The Return Movie Review
Written by Rosie Fletcher
Movie released by Universal Pictures (UK) Ltd
Directed by Asif Kapadia
Written by Adam Sussman
2007, 85 Minutes, Rated 15 (UK)
Sarah Michelle Gellar as Joanna Mills
Peter O’Brien as Terry Stahl
Sam Shepard as Ed Mills
Kate Beahan as Michelle
Adam Scott as Kurt
Seeing the poster for The Return, and hearing that Sarah Michelle Gellar would be playing the lead, I immediately did a quick check to see if this would be another remake of an Asian horror film. In fact it’s not, but it seems to take a number of cues from this type of thing — a slow build up, a focus on characters and relationships, a female protagonist and a slightly scary child. No gore, all tension. This is a psychological thriller with a supernatural edge and, as a female fan of Asian horror films, I felt very much that I was part of the target audience.
Using a non-linear narrative structure involving frequent flashbacks and scenes of hallucinations, The Return tells the story of Joanna Mills (Sarah Michelle Gellar – TV’s “Buffy the Vampire Slayer”) — a damaged woman plagued since childhood with visions and nightmares of another woman’s life. The visions lead her to a town called La Salle, Texas, and into the arms of Terry (Peter O’Brien, who British audiences may remember as Shane from Australian Soap "Neighbours"). As you might expect, Joanna must discover the secret and the source of her visions before a final showdown and some mild peril.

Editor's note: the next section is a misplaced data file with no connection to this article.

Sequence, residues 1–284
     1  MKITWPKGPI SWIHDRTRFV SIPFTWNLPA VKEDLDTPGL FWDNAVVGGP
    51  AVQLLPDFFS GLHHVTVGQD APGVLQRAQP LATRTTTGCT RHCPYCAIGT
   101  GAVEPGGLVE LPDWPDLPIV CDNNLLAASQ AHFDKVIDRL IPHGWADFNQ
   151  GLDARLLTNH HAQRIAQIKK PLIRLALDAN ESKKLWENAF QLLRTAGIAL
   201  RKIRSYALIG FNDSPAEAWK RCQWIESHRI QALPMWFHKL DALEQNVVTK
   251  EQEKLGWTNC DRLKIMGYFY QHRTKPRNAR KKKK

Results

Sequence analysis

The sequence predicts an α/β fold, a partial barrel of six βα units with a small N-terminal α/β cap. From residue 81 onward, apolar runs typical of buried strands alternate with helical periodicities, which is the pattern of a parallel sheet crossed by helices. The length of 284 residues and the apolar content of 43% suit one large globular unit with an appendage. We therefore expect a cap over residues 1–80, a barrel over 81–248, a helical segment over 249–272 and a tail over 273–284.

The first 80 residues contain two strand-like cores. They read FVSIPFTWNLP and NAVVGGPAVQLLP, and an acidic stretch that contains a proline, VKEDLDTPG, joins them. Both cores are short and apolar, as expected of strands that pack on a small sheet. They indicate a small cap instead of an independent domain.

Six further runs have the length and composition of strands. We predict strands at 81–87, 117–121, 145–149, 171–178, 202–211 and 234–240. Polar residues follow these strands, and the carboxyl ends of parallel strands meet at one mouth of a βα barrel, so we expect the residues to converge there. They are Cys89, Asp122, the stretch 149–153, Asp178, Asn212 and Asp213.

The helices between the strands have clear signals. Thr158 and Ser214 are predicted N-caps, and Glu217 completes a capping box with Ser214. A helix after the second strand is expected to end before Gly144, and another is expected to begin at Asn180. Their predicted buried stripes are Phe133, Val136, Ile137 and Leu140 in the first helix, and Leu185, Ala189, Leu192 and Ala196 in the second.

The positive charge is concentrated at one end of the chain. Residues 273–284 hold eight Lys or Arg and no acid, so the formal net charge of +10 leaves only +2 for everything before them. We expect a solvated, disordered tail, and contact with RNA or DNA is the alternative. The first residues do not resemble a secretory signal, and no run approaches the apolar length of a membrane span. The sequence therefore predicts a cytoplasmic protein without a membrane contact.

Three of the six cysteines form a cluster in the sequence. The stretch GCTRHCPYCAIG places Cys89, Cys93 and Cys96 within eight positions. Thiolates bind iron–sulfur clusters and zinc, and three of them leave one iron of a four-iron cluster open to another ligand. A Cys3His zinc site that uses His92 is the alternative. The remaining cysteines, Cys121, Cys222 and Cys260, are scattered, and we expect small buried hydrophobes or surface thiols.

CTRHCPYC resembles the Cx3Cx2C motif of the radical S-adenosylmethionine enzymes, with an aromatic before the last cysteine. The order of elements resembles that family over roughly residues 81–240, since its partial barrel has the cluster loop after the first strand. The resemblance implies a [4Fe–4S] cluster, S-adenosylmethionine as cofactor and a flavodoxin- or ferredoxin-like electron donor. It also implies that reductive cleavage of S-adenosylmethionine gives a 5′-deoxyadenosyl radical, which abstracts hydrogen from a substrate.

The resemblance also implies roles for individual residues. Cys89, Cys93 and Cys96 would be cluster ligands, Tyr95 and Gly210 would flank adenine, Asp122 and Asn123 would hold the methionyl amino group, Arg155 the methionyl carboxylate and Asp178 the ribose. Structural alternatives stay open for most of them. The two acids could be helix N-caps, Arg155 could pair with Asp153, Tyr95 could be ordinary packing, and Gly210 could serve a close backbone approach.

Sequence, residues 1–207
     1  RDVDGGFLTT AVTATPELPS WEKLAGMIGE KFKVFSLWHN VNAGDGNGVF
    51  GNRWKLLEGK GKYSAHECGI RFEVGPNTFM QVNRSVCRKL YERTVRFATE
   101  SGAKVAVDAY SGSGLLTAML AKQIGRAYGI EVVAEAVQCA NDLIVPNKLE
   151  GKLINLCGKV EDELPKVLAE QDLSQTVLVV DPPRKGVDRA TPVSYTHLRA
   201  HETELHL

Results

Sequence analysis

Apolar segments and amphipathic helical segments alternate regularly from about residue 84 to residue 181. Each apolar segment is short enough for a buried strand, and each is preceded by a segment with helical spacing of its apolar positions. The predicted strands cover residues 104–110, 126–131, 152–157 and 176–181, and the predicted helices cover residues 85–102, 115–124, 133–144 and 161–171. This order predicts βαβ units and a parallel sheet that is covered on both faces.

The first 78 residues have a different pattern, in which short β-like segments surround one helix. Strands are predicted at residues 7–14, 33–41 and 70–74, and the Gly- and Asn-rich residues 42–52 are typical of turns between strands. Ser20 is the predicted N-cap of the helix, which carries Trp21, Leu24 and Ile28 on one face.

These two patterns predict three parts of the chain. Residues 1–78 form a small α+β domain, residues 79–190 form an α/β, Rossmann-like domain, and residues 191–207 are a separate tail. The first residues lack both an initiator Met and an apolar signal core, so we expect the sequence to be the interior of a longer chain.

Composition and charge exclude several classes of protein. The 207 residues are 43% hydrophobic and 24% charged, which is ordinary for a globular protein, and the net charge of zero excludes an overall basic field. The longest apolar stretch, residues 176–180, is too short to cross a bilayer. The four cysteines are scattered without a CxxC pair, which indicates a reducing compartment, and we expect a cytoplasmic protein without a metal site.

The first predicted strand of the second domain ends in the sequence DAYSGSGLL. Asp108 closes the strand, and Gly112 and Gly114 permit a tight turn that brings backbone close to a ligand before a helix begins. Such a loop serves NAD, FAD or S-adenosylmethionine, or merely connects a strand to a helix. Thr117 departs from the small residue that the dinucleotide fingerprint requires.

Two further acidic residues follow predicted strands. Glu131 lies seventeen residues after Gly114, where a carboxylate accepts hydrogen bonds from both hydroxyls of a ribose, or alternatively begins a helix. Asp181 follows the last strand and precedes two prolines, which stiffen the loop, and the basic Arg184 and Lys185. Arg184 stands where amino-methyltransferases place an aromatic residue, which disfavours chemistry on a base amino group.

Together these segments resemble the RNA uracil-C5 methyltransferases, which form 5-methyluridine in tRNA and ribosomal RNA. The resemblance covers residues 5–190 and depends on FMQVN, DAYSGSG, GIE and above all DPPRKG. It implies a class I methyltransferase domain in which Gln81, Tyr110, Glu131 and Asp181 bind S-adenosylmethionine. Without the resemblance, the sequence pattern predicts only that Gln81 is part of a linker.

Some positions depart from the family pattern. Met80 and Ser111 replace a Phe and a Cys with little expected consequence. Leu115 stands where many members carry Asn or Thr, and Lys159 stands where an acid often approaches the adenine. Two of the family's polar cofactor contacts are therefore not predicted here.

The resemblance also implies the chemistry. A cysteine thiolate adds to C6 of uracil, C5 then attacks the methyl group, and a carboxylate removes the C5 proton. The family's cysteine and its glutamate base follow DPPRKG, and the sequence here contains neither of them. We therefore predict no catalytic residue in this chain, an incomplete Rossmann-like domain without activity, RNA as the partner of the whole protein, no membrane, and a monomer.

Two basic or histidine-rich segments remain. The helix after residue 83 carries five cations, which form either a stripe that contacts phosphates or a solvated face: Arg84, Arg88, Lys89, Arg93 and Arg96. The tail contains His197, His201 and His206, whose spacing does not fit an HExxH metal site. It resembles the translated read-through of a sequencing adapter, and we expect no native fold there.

The Return is beautifully shot and uses some stunning locations — it is fantastic to look at. Views of incredible open landscapes are contrasted against sets like the cluttered and claustrophobic barn, or the bar adorned with sides of meat. There’s also good use of sounds, like the slow footsteps in the bedroom, to build up the tension (although the cheesy music over some of the scenes between Gellar and O’Brien is out of place and unnecessary). Gellar does a reasonable job as Joanna — depressed and needy, as well as supposedly a force to be reckoned with as a sales woman. But while she’s a fairly sympathetic character, I couldn’t care enough about her for that to be the driving force of the film.
And herein lies the big problem with The Return — while it starts off slow, tense and promising, it never gets beyond that. When all is said and done, the story just isn’t worth telling; or at least it’s not worth telling at the cinema over almost one and a half hours.
This would make a perfectly serviceable episode of "Afterlife" (UK drama series about a clairvoyant) or "Medium" (US drama series about a clairvoyant). I applaud the filmmakers for trying to do something a little different. The early sense of weirdness — that you’re not sure what exactly you’re watching, what’s real and what’s not - and the fabulous cinematography are all things to recommend this film. There’s the odd scene that’ll make you jump and there are a two or three twists along the way that you may or may not guess (although they don’t all make absolute sense). Ultimately, however, The Return left me disappointed. I can only recommend it as a rental.
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